As I will discuss in greater detail below, both Wilber’s (2006) post-metaphysical and Jorge Ferrer’s (2008) participatory models of enaction already go a long way toward establishing a framework for trans-lineage practice. Each enables us to understand our various traditions -— with their particular practices, visions, beliefs, and so on -— as unique means of spiritual enactment, or as I will describe later, as “generative enclosures.” There is work yet to do, however. Although Wilber (2000) first introduced a post-metaphysical orientation more than a decade ago, in the footnotes of Integral Psychology and in a few scattered essays (Wilber, 2001, 2002), I believe we have yet to unearth or trace out some of the deep implications of this turn for Integral Theory as a whole. In particular, the ontological implications of this turn are, I believe, still unrecognized or underappreciated. Sean Esbjörn-Hargens (2010) recently made some very important, and pioneering, steps toward articulating an ontological model consonant with Integral Theory’s pluralist epistemology, and I offer this article in the hope of further contributing to this effort. As discussed below, an implicit or explicit commitment to the metaphysics of the One -— a monistic ontology -— frequently has underlain, and supported, various problematic forms of religious inclusivism (whether traditional or perennial philosophical) and even, arguably, informs John Hick’s model of religious pluralism (Griffin, 2005). So, if we are interested in developing an integral approach capable of non-reductively accommodating and fostering multiple religious enactments, particularly in the context of a robust translineage spirituality, it is imperative that we explore both the implicit ontological commitments of Integral Theory to date, and the promise of the emergent participatory and multiplistic-relational ontologies that are being forged in the crucible of interfaith and intercultural dialogue and engagement.

 

To this end, and for the purposes of this article, I would like to bring Integral Theory into conversation with several post-postmodern philosophers and theologians whom I believe have much to contribute in this area. In particular, I intend a polyphonic performance -— one in which a collection of disparate voices, in parallel and contrapuntal movements, will help us to reflect on a suite of themes relevant to an integral, trans-lineage spiritual practice. The major themes to be explored here include the post-postmodern rehabilitation of ontology; the relevance of the metaphysical reflections on the Many and the One for conceptualizing the relation of religious worlds and worldviews; participatory and post-metaphysical models of the enactment of spiritual realities; and several recent multiplistic, relational, and nondual ontologies that may give us the subtle conceptual resources necessary to hold multiple religious orientations concurrently. After I lay these perspectives out alongside each other, I will attempt to bring them in closer relation through the related concepts of generative enclosure and disenclosure, in the interest of articulating an integral pluralist approach capable of honoring both the interdependence and precious particularity of each of our religious practice traditions.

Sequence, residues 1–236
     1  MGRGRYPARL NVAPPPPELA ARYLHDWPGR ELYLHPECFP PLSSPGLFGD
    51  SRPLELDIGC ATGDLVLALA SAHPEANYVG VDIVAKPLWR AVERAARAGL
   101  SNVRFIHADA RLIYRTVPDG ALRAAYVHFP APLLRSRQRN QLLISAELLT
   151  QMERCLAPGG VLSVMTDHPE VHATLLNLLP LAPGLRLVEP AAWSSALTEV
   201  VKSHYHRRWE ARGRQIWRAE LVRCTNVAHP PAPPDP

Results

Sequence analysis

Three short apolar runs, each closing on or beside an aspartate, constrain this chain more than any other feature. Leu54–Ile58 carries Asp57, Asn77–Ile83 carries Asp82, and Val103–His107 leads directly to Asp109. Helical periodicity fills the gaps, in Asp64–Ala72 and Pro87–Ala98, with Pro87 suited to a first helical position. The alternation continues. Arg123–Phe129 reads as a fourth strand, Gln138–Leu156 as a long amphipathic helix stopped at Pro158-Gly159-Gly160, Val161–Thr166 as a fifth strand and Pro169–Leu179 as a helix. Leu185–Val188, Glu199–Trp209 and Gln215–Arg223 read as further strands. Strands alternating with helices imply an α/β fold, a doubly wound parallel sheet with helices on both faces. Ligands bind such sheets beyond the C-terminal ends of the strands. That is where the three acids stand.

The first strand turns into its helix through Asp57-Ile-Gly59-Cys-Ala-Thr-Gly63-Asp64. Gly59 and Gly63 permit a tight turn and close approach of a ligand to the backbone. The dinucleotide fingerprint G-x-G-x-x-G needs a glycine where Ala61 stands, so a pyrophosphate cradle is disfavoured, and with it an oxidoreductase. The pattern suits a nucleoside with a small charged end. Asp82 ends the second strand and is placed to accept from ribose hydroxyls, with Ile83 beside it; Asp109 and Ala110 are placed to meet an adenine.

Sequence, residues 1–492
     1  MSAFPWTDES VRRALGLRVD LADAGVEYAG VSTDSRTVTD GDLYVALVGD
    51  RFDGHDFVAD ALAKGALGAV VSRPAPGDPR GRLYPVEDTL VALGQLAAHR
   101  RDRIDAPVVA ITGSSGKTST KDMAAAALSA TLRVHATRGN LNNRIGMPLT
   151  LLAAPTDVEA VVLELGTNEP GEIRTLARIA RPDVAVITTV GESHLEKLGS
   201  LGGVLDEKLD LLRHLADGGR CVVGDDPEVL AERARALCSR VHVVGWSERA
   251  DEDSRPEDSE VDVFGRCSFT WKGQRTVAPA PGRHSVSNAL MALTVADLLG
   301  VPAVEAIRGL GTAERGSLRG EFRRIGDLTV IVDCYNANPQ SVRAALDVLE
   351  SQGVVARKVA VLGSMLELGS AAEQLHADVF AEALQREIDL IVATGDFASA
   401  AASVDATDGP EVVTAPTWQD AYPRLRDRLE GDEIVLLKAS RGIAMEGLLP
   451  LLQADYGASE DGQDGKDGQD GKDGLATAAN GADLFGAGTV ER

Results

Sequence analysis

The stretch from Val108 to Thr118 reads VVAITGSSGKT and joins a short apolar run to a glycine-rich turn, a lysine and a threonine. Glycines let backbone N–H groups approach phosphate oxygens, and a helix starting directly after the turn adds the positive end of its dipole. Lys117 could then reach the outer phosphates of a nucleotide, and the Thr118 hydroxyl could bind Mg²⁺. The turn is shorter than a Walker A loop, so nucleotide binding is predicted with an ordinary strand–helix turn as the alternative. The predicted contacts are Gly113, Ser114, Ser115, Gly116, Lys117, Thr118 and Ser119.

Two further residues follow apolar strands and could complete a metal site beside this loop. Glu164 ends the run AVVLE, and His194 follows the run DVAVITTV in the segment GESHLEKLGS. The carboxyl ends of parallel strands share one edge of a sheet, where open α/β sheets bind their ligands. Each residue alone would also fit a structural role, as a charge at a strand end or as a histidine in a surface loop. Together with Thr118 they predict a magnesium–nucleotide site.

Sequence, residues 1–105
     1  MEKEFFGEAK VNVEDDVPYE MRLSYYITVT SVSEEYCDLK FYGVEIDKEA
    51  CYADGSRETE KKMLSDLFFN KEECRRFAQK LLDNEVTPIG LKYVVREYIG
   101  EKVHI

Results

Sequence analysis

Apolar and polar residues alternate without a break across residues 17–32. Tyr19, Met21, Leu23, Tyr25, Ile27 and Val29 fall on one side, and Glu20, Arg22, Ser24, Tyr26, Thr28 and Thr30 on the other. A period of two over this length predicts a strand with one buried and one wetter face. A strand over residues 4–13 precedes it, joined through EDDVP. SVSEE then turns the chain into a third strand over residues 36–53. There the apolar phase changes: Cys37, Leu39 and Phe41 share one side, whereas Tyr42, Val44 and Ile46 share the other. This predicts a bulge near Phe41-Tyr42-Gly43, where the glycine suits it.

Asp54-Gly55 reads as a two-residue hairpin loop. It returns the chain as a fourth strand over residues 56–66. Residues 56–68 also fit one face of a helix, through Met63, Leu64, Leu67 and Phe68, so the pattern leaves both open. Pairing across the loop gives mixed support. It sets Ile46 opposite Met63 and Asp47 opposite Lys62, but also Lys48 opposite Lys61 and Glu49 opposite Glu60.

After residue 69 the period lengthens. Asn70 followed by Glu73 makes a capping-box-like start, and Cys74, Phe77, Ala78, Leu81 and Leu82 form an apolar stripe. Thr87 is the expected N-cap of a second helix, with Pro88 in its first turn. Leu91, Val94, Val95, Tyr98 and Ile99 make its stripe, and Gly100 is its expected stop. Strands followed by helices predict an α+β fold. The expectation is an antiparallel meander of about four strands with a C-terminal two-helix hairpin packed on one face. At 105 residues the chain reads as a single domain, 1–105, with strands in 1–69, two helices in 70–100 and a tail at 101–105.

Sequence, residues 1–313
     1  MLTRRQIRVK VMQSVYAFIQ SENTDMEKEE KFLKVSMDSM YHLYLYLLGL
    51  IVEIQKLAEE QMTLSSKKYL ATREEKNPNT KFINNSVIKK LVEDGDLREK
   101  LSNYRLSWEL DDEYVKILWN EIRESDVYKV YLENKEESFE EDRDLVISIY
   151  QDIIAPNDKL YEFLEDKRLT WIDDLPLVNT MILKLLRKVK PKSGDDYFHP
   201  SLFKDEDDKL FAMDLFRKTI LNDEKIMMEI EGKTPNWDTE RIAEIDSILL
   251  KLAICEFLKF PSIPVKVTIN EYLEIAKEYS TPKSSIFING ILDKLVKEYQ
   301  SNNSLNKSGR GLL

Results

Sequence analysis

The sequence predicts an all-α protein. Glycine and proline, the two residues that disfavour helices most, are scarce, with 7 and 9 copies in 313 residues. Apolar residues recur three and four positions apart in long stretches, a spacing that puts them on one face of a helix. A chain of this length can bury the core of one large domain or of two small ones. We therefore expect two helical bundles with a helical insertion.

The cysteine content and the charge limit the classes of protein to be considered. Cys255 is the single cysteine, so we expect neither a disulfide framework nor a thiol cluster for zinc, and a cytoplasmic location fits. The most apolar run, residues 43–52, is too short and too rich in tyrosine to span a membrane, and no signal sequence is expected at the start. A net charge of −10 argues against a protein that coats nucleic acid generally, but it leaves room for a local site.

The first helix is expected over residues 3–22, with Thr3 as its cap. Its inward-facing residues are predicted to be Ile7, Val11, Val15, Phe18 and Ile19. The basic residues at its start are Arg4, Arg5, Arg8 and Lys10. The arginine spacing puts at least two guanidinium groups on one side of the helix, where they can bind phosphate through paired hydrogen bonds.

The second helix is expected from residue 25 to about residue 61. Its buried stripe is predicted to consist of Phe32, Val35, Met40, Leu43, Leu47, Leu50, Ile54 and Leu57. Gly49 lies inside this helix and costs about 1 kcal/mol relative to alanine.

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Okay, I thought so!  I had a kind of shift in my mind this morning, in terms of how I see our interactions here: I sometimes get disoriented, since there are only a few of us talking here and one would expect that in a discussion forum we'd be talking to each other, but at times it really is more like we're all working on a collaborative project, (freely) self-publishing in parallel, with this forum as the "book" or "product."

Hey guys,

Just happened to be reading this on Murti from Kalupahana. (See P 80 but the criticism starts a few pages before.)

http://www.scribd.com/doc/22997836/2/III-Clarification-of-Terminology

I had a phone conversation back on Gaia with Annie. We hit upon Genpo and Ken (she was kinda in the inner sanctum :). She said Ken would have surely read the Pali Nikayas. I told her if he did, it seemed he did not read them very closely, etc.  as Ken has a footnote in SES maintaining the same position that Kalupahana is criticizing. Sabbe dhamma anatta is a pretty famous utterance in Theravada circles. 

Hope everyone is doing well!!

e

"with this forum as the book or product."

If we accept Bryant's reading of Luhmann, the forum is a suobject with its own suobstance. So at times I am responding to it.*

Thanks for the link e. If you would, please tell us in your own words what position Murti is defending and with which Kennilingam agrees?

* Given the foregoing, and since the forum has a name, IPS, perhaps we might say it has ipseity. Perhaps I might affectionately call it IPSie.

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What paths lie ahead for religion and spirituality in the 21st Century? How might the insights of modernity and post-modernity impact and inform humanity's ancient wisdom traditions? How are we to enact, together, new spiritual visions – independently, or within our respective traditions – that can respond adequately to the challenges of our times?

This group is for anyone interested in exploring these questions and tracing out the horizons of an integral post-metaphysical spirituality.